1928 Chevrolet National
4-cyl. 171cid/35hp 1bbl
With an experienced team and a lot of data.
When 1928 Chevrolet National Series AB debuted, the company was ramping up to compete with Ford’s Model A, which was still having production issues. As a result, Chevrolet retained the number one spot and produced just over 1,193,212 cars and trucks to Ford’s 800,000. Chevrolet’s big news was four-wheel mechanical brakes, which arrived with this model.
The new Chevy National Series rode on a 107-inch wheelbase, all of it ahead of the firewall. The engine was so far back from the radiator that cooling became an issue and extended fan shrouds were fitted to help. The reason for the change would become clear in 1929 when the six-cylinder “stovebolt” engine was introduced.
Meanwhile, the 1928 models benefitted from an improved 171 cubic-inch, OHV four-cylinder engine generating 35 bhp. It featured larger valves and aluminum pistons, and was the only Chevrolet engine to be so equipped until the redesign of 1953, which was 25 years later. The gearbox remained a 3-speed. The bullet headlight bar now doubled as a fender brace and license plate bracket. All doors now hinged at the front.
Once again, eight models were offered. Prices were cut to compete with the Ford Model A and ranged from the $495 Roadster and Touring to $715 for the Imperial Landau with its canvas-covered roof and dummy landau irons. Two-door models included the 2-passenger Roadster, Coupe and Coupe Sports Convertible; 2/4 passenger Cabriolet and 5-passenger Coach – still the biggest seller with 346,976 delivered. Chevrolet’s 4 millionth car was delivered this year and it was a 2-door Coach.
Four-door models included the Touring, Sedan and Imperial Landau. The rumble seat Sports Cabriolet (which was a coupe with canvas top and landau irons) was replaced midyear by the Coupe Sport Convertible, which was the same thing but with a proper folding cabriolet roof. Hibbard & Darrin built one custom bodied long-wheelbase Sedan.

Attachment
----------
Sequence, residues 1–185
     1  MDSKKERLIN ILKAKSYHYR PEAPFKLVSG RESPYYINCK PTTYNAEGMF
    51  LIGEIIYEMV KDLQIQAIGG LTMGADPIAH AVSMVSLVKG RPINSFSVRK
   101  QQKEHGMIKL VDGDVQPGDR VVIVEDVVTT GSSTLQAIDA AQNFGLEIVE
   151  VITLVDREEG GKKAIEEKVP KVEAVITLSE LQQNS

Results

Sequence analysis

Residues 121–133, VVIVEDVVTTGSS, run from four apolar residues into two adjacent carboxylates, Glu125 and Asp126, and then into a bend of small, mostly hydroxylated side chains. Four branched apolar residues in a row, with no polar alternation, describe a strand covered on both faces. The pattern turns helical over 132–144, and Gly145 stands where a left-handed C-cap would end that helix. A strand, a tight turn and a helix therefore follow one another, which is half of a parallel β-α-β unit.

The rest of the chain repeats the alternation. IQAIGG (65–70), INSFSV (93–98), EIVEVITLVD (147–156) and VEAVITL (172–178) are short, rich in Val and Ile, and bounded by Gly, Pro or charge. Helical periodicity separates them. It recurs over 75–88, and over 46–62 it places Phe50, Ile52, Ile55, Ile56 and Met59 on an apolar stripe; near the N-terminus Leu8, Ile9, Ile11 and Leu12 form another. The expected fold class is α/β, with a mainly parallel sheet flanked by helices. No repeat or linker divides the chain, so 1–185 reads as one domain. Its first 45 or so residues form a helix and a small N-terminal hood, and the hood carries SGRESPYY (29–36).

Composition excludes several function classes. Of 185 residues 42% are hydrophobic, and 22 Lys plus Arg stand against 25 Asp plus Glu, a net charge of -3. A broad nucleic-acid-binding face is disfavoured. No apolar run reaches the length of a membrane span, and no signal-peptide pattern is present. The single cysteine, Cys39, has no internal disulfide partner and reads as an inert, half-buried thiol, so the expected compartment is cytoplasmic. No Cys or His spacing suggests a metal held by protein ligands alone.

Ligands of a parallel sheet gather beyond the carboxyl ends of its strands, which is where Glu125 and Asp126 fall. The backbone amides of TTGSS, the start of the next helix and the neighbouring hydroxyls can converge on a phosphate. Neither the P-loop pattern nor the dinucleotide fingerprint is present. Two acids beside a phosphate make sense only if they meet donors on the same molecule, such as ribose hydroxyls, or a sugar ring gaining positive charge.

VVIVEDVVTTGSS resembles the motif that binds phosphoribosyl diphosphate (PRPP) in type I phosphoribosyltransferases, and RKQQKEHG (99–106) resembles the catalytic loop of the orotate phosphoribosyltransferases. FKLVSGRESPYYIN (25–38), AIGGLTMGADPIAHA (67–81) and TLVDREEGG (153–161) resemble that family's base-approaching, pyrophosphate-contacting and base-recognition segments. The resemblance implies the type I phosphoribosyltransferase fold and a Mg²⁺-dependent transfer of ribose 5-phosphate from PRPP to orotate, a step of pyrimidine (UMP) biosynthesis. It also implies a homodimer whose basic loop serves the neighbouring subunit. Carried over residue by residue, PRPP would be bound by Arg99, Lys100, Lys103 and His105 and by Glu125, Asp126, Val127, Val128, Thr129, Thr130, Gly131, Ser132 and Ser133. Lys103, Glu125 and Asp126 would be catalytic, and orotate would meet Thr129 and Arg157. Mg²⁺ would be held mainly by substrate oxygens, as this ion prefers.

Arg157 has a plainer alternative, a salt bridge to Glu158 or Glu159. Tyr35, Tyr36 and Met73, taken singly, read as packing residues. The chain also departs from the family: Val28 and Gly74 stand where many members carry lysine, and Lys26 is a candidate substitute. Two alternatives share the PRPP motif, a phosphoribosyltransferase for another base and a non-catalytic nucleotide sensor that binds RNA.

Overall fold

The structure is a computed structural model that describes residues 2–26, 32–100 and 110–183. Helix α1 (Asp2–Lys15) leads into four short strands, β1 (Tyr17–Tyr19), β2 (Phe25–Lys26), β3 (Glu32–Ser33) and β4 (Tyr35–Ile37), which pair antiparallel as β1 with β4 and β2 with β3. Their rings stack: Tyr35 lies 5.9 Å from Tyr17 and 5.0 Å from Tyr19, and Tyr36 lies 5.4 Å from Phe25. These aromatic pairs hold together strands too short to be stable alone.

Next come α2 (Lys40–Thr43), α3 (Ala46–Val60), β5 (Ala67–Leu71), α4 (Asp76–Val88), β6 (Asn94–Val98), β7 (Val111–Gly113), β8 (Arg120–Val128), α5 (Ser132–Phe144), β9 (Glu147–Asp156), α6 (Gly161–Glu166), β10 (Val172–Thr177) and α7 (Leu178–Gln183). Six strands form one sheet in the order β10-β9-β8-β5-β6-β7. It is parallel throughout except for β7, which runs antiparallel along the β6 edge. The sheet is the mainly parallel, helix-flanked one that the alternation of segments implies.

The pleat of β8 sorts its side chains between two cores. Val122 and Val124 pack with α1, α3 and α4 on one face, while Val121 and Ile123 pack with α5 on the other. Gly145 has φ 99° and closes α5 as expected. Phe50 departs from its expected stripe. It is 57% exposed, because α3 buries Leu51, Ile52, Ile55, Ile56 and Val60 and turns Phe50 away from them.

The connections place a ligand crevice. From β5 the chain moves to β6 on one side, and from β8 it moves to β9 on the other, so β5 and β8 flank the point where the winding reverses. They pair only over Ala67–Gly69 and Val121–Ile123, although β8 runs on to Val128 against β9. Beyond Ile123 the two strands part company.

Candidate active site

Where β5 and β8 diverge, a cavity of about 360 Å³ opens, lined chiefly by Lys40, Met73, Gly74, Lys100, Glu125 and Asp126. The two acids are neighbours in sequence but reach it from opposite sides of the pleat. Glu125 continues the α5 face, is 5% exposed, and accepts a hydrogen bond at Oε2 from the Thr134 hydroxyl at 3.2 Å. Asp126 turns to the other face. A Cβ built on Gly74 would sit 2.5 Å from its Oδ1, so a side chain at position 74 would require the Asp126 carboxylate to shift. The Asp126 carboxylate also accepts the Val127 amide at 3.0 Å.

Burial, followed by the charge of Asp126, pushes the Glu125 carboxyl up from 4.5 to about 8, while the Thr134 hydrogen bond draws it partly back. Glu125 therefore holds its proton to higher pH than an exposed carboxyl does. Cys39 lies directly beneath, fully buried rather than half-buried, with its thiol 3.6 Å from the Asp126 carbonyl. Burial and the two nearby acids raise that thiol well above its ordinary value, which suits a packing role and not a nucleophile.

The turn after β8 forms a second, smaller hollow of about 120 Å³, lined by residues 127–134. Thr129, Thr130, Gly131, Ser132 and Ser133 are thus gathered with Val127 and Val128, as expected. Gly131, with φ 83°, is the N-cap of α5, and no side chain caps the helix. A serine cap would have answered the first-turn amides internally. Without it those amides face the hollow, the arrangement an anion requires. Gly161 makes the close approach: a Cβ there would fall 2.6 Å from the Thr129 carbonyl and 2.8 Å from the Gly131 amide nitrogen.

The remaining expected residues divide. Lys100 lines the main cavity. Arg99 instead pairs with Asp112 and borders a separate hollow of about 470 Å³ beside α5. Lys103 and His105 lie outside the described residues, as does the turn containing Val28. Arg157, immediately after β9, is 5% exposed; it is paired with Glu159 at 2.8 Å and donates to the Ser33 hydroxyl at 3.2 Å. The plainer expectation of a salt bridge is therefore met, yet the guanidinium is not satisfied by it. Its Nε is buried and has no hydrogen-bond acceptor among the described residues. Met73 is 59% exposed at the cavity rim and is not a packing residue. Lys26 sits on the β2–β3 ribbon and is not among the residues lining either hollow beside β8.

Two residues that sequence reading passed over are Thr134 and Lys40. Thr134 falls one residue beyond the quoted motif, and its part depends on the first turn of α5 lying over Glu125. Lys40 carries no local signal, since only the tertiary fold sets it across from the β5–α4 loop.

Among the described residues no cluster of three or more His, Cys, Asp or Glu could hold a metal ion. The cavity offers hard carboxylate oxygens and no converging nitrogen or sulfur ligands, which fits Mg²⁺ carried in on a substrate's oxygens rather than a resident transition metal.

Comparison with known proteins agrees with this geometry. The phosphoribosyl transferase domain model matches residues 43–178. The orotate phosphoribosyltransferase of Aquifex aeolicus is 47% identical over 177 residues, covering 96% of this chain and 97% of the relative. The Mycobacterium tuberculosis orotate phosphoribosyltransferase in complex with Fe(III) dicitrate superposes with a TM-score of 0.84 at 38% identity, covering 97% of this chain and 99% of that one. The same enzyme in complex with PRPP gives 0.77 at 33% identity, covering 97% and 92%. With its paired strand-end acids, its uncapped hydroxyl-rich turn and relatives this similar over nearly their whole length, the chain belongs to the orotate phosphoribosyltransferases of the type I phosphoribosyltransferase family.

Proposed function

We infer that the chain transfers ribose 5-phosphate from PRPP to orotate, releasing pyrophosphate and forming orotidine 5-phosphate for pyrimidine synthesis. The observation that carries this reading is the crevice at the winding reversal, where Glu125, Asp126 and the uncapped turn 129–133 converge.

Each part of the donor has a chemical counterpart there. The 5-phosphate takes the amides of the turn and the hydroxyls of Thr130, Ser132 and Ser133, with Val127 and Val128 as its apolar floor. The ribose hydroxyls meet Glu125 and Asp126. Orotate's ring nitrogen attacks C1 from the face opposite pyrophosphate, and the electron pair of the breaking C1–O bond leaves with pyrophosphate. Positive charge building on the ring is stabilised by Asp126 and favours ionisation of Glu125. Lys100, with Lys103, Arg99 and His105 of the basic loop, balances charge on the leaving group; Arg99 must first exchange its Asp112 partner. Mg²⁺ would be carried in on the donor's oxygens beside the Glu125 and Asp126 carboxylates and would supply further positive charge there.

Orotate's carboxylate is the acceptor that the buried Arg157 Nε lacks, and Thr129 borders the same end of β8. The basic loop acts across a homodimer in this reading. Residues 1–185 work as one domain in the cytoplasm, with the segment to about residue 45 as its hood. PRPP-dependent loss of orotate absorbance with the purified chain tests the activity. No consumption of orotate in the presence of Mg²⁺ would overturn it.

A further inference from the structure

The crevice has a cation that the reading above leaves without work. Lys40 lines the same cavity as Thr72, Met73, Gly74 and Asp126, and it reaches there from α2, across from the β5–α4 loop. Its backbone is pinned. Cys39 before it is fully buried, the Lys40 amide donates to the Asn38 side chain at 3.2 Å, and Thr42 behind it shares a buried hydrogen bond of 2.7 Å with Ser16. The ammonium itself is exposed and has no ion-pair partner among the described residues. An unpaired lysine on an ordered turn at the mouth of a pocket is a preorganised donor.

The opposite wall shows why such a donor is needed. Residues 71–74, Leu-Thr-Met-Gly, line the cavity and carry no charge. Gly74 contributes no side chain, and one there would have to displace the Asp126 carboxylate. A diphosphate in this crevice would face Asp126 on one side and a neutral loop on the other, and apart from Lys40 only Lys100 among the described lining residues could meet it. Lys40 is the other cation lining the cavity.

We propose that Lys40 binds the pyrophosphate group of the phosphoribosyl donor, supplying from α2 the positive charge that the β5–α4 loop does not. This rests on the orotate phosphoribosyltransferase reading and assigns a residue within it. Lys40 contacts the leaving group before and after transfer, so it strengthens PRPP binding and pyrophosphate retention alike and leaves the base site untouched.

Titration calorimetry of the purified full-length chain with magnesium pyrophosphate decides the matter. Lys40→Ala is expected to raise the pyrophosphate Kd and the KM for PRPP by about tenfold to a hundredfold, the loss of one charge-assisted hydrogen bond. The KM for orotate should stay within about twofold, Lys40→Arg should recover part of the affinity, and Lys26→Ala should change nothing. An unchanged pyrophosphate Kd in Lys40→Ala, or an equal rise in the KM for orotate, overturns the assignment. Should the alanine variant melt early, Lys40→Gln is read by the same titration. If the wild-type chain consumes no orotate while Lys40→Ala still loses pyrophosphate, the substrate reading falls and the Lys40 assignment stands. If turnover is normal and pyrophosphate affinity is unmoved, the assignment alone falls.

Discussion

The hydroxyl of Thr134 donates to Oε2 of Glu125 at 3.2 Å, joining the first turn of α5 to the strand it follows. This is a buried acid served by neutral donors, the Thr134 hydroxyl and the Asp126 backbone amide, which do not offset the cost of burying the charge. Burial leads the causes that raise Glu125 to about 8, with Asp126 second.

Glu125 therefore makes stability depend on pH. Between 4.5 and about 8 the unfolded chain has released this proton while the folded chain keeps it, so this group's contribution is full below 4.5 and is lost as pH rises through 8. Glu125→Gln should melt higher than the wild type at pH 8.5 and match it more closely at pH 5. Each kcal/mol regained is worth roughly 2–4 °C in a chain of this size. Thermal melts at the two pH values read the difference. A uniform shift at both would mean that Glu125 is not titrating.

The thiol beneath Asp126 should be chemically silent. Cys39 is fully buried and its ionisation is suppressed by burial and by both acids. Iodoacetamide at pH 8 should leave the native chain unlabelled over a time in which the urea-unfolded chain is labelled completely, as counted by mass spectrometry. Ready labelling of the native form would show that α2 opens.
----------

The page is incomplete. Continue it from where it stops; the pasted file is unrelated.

The light truck line added a sedan delivery, which would continue in the lineup until 1960. It featured a full-width rear door so the spare wheel was carried in the left front fender. Three 1-ton truck lines were built, evolving from the LM Series which was replaced first by the LO Series, then mid-year by the LP Series. The first two were basically similar but the LP featured a number of advances including a new 4-speed gearbox, and 4-wheel mechanical brakes for the first time. The wheelbase remained 124 inches, as it had been since 1925.
Trucks could be purchased as bare-boned light delivery chassis or numerous body variations by Hercules, Martin Parry, and Mifflinburg. Woody wagons were becoming more popular from various manufacturers and bare chassis could also be bodied as taxis.
Chevrolet offered a Roadster Pickup, and a Coupe Panel substituted a big box as replacement for the usual trunk. Open truck bodies included flared sides for such loads as coal while the Canopy Express featured a roof with open sides – suitable for fruit and vegetables. Insulated ice trucks, Stake Beds for farm use and large Panel Deliveries for moving companies showed the wide range available and such other beds as Fuel Tankers and Dump Trucks could be fitted. Freeport, Illinois company J.W. Henney built hearse bodies on the extended chassis and for an extra $100, ambulance equipment was available, if the vehicle served hospitals as well.